Joshua Eisenhauer is a civilian now, a veteran eligible for health care through the Department of Veterans Affairs.
The former Fort Bragg staff sergeant -- who shot at police and firefighters from his Fayetteville apartment in January 2012 -- was released from the Army in late February on a general discharge under honorable conditions, said his mother, Dawn Erickson.
The designation ensures that Eisenhauer, who suffers from post-traumatic stress disorder, is eligible for VA benefits.
But Eisenhauer won't receive those benefits while he is in a North Carolina prison. Eisenhauer was sentenced in August to between 10 and 18 years behind bars after pleading guilty in February 2015 to shooting at the police and firefighters from his Austin Creek apartment.
Eisenhauer contends that he had a flashback to his days of Army combat duty in Afghanistan and didn't understand what he was doing. No one other than Eisenhauer was seriously injured.
Today, he is in the Pender Correctional Institution. Family members say the prison isn't adequately treating his PTSD or a traumatic brain injury, an opinion disputed by the state's prison system.
Family members say Eisenhauer is in an open room with 30 other prisoners and allowed to see a social worker only about once every two months. The prison abuts a shooting range, and the continual noise worsens his PTSD, they say.
Prisons spokesman Keith Acree said the N.C. Division of Prisons evaluated Eisenhauer's placement in Pender and determined that it provides him "excellent access to psychological and psychiatric services."
"Pender is served by a resident psychology staff and a psychiatrist who trained in the VA health care system on PTSD in the veteran population," Acree said in an email.
Acree said he could not discuss specifics of Eisenhauer's mental health or care. But he said "Eisenhauer is doing very well in his placement at Pender. He remains infraction free and works in a maintenance position."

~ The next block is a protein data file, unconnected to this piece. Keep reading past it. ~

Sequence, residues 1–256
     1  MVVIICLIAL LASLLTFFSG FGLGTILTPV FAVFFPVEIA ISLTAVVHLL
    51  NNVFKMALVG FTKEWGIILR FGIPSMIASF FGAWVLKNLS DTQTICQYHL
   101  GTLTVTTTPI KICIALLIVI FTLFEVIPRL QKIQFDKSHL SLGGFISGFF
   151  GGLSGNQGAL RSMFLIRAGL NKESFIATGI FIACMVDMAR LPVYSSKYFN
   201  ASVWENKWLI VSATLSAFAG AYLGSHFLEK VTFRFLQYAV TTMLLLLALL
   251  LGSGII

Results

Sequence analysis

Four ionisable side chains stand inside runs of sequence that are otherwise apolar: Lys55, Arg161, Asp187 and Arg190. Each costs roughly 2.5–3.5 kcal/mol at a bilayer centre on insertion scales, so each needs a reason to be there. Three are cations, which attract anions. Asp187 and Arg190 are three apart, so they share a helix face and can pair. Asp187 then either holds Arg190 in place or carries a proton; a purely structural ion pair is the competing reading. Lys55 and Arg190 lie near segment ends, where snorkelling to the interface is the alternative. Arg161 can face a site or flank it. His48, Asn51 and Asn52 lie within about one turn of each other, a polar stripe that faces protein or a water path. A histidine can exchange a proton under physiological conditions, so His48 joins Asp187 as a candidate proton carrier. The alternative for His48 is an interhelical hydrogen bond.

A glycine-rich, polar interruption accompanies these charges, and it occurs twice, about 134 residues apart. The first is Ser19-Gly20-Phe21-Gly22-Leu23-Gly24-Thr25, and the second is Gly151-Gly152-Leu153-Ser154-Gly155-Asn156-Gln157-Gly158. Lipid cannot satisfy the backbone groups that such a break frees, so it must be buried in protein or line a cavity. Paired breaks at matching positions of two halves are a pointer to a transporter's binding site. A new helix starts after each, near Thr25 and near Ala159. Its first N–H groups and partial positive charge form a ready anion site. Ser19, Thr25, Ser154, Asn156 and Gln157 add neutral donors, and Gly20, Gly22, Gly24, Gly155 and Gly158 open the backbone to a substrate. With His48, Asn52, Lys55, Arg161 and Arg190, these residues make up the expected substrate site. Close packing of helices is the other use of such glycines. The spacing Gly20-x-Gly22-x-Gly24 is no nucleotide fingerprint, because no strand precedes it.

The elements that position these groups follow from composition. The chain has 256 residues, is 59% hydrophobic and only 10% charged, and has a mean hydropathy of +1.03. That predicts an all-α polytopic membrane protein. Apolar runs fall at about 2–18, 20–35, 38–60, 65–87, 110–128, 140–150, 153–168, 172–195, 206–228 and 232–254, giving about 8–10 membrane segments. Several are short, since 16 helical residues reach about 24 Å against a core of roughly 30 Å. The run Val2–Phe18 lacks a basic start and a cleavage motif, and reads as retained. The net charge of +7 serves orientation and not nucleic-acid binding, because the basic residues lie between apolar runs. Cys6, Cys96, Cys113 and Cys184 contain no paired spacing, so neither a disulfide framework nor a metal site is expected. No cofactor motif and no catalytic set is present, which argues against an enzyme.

Acree acknowledged that a firearms training range is outside the prison walls, but he said Eisenhauer has not complained about noise. Many of the state's prisons have gun ranges nearby, he said.
Eisenhauer's family, with support from the Fayetteville Quaker House, has scheduled a vigil for April 11 to bring attention to mental health care for incarcerated veterans, who make up about 10 percent of the country's prison population. The vigil is set to begin at 5 p.m. on the sidewalk in front of the Airborne & Special Operations Museum.
Increasing public awareness of the issue "seems to be a real hard sell," said Jim Springer, Eisenhauer's stepfather. "There are a lot of soldiers that have just been thrown under the bus, and that continues when they get into the VA system, if they even do."
The family wants America's jails and prisons to screen veterans upon entry for mental conditions such as PTSD that are related to their military service.
"Incarcerated service members and veterans with PTSD and TBI must receive the mental health care that they so desperately need," a flier for the vigil reads. "Our service members and veterans deserve to have a chance to heal from the wounds of the wars they fought for our country. By not receiving adequate mental health care, these wounded warriors too often end up living tortured and traumatic lives in prison."
Acree said the prison system screens all prisoners for mental health problems upon admission.
While the family fights the prison system, Eisenhauer continues to fight his case in court. In October, Cumberland County Superior Court Judge Jim Ammons volunteered to let another judge hear a motion for appropriate relief filed by Eisenhauer's lawyer, Larry McGlothlin.
Among other things, McGlothlin argues that Ammons had not fully briefed himself on Eisenhauer's case before it was laid out before him during about four hours of testimony on Aug. 6. Ammons denies the accusation.
A judge has not yet been appointed to hear the motion, said Ellen Hancox, the county's trial court administrator.
The family is also upset that Eisenhauer's rank has been reduced from staff sergeant to private E-1. Under Army regulations, rank reductions are mandatory for soldiers who serve significant prison time.
"We're just all sad that military law seems to have rules for length of time imprisoned that include rank reduction," Eisenhauer's mother said in an email. "Josh's rank and the Army mean a lot to him. We hope he can get his rank back in the future."
This article was written by Greg Barnes from The Fayetteville Observer, N.C. and was legally licensed through the NewsCred publisher network.